Bear Spray vs. Guns

Which one is better?


*Approximate number of scoville heat units in a Habanero pepper = 300,000*
*Approximate number of scoville heat units in bear pepper spray = 3.2 million*

Gary Clutter, a big-game hunter from Bozeman, had a face-to-face encounter with a grizzly while hunting a few years ago, and bear spray saved him from a dire situation. "I caught the bear full in the face when it was four feet away,” Clutter says. “It was like it hit a wall. The grizzly turned and ran so fast toward her cub she ran over it."

No deterrent is 100% effective against an attacking grizzly, but compared to other countermeasures, including firearms, bear spray has demonstrated the most success. In scientific studies conducted by University of Calgary grizzly-bear expert Stephen Herrero, bear spray was found to be 94% effective in deterring aggressive bears.

Unlike a gun, bear spray does not have to be aimed precisely to stop a charging bear. The spray makes a fog in the air, causing severe irritation in the eyes, nose, mouth, throat, and lungs, temporarily disabling the bear. According to experts, there is no better way to stop an attack by an aggressive grizzly.

Even more recent is a 2008 study led by BYU wildlife professor Tom Smith (colleagues included the National Park Service and U.S. Minerals Management Service researchers), which looked at over 20 years of bear spray incidents in Alaska and found that “98% of persons carrying [bear pepper spray] were uninjured after a close encounter with bears.”

The active ingredients in bear spray affect the upper respiratory system and trigger involuntary eye closure and intense but temporary burning sensation of the skin and a burning, tearing, and swelling of the eyes. If inhaled, the respiratory tract becomes inflamed, resulting in swelling of the mucous membranes lining the breathing passage and temporarily restricting breathing to short, shallow breaths. The effects usually wear off in 30 to 45 minutes, according to the website of bear-spray manufacturer Counter Assault.

When shot with a gun, the bear’s adrenaline works in its favor; it can be shot several times and still live long enough to attack the shooter or someone else in the area. In fact, the Lewis and Clark expedition recorded that a bear was shot six times before dying. With bear spray, the bear’s adrenaline works in favor of the human: as the bear’s respiratory rate increases, the spray moves more quickly through the system, increasing the reaction.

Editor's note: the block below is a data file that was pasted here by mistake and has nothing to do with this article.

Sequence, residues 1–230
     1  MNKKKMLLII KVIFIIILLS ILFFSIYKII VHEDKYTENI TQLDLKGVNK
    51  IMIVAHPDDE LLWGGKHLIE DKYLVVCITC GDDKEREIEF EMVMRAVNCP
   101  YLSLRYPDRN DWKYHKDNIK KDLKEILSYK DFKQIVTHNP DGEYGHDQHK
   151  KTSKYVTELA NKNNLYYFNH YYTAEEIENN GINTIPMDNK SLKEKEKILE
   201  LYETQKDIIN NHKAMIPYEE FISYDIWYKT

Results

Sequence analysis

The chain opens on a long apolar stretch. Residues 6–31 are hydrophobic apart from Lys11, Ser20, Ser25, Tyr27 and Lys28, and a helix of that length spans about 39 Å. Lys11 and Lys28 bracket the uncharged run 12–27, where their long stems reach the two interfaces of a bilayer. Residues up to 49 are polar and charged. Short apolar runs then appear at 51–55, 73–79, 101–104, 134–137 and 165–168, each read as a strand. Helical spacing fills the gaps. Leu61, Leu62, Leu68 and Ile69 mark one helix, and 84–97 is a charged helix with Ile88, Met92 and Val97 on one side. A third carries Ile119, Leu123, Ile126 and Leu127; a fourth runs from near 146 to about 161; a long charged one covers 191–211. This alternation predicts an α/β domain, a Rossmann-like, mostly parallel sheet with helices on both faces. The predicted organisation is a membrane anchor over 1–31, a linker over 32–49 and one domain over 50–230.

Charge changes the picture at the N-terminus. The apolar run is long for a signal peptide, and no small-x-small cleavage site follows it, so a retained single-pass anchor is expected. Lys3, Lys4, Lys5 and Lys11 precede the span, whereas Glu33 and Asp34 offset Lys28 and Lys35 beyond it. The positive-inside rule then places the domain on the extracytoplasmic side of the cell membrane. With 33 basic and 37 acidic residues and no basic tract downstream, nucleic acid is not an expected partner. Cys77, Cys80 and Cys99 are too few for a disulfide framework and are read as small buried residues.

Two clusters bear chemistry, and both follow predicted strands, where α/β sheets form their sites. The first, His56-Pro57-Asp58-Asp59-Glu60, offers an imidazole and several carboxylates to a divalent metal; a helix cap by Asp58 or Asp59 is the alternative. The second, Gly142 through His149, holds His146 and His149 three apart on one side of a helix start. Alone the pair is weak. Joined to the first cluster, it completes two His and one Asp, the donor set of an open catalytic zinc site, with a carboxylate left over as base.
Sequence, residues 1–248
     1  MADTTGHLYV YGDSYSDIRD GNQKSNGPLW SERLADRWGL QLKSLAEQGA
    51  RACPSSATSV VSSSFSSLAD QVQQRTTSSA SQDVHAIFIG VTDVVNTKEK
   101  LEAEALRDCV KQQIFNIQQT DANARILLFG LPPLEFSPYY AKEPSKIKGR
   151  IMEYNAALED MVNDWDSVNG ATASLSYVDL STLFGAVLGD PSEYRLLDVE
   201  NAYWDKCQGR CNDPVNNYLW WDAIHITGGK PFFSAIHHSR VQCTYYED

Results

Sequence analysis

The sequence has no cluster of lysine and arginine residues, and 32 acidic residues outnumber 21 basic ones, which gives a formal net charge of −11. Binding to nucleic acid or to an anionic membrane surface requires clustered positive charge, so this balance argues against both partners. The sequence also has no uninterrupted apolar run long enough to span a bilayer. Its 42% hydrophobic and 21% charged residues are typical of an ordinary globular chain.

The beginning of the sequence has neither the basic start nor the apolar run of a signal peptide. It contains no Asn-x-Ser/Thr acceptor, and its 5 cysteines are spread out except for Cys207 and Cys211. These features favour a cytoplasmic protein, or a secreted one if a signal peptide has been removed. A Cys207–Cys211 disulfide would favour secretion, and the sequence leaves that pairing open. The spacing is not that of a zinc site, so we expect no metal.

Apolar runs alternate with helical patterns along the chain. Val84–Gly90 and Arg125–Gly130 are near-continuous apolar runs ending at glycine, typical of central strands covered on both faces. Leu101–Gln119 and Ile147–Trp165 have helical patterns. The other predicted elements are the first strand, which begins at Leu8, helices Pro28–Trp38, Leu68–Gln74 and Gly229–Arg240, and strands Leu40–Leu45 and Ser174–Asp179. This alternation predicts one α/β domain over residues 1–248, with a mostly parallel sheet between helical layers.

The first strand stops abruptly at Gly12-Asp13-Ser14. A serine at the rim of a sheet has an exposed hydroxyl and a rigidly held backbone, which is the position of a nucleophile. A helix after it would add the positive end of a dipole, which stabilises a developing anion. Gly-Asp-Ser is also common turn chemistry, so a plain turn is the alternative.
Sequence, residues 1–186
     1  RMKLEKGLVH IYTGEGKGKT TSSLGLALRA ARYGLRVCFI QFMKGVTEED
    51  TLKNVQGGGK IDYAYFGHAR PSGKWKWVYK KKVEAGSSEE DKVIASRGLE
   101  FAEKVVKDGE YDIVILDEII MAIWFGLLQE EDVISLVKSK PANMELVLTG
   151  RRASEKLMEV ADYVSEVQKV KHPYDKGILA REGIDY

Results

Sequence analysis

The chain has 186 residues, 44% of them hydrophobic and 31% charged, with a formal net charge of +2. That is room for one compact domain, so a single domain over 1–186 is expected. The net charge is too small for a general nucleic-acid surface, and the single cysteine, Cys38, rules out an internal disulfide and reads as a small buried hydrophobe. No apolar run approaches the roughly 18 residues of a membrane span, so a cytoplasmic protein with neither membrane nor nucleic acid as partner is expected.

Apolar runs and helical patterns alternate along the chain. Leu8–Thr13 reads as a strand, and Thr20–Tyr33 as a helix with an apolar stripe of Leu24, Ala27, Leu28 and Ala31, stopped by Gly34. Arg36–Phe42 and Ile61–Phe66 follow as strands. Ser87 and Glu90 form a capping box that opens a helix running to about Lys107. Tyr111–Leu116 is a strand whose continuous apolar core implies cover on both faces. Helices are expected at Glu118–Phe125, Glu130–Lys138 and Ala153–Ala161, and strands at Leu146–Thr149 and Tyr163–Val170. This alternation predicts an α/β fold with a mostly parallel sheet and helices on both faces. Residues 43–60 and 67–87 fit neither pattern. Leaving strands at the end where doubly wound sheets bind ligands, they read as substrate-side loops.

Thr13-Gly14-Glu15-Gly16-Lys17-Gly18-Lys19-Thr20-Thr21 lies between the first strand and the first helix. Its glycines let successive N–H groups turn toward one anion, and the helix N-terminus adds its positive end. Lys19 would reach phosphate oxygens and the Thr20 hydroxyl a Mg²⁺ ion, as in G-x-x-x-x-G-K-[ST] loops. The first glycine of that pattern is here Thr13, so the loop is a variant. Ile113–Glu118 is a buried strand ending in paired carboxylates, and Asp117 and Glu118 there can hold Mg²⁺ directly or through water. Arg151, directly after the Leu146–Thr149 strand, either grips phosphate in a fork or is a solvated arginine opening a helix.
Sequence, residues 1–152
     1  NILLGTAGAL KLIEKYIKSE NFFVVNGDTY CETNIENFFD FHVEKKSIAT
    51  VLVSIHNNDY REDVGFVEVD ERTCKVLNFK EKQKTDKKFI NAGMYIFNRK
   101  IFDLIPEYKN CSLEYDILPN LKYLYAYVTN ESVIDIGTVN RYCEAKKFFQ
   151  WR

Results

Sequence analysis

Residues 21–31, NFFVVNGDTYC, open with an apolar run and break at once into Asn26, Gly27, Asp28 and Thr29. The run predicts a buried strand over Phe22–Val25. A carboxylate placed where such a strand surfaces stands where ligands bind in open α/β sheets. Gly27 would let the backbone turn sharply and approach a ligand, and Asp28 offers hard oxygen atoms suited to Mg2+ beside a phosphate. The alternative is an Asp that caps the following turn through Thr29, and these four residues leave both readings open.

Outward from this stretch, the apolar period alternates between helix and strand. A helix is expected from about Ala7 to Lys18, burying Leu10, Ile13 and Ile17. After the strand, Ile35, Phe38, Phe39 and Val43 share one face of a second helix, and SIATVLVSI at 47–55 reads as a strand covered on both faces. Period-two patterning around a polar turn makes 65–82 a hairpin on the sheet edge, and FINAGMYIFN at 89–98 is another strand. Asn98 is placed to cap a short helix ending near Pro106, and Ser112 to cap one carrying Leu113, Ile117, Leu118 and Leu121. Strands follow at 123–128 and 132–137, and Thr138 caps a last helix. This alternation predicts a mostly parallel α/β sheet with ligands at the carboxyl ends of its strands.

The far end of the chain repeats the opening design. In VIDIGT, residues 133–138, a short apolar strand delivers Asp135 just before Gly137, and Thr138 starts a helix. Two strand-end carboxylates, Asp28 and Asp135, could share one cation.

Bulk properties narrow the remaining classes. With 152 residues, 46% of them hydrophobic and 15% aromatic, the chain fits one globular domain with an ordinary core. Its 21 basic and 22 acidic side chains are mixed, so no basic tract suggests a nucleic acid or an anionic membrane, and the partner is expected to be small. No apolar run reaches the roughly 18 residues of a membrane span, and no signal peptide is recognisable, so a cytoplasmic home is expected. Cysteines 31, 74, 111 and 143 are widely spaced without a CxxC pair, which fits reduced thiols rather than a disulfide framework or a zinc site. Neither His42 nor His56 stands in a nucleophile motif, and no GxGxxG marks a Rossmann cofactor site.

Also, gun users must be “expert shots” to hit and kill a 400-plus-pound, slobbering, snarling grizzly running toward them at 35 mph. Shooting but not killing a bear also puts others at risk, as injured bears are dangerous bears and tend to act aggressively toward humans.

When buying bear spray, the container should say the product is made for stopping or preventing bear attacks. Be sure the canister contains at least 7.9 ounces of spray with 1%-2% capsaicin/capsaicinoids, has a spray minimum of 25 feet and six seconds, and is EPA registered.
Bear spray is easy to use, but you should still familiarize yourself with it before hiking, hunting, fishing, or camping in bear country. Each person should carry a canister and keep the spray in an easily accessible place. The basic idea behind using the spray is this: When the bear gets within 50 feet, fire a warning blast. If it gets within 20-30 feet, fire half-second to two-second blasts in succession, aiming down in front of bear. Do not run, but leave the area once the bear has stopped to clean itself. Read the manufacturer’s label on the canister for storage, disposal, and proper use instructions.

Science and experience has shown us time and time again that bear spray is more effective than a gun when encountering a grizzly in the backcountry. If you want to come out alive, reach for your bear spray, not your gun.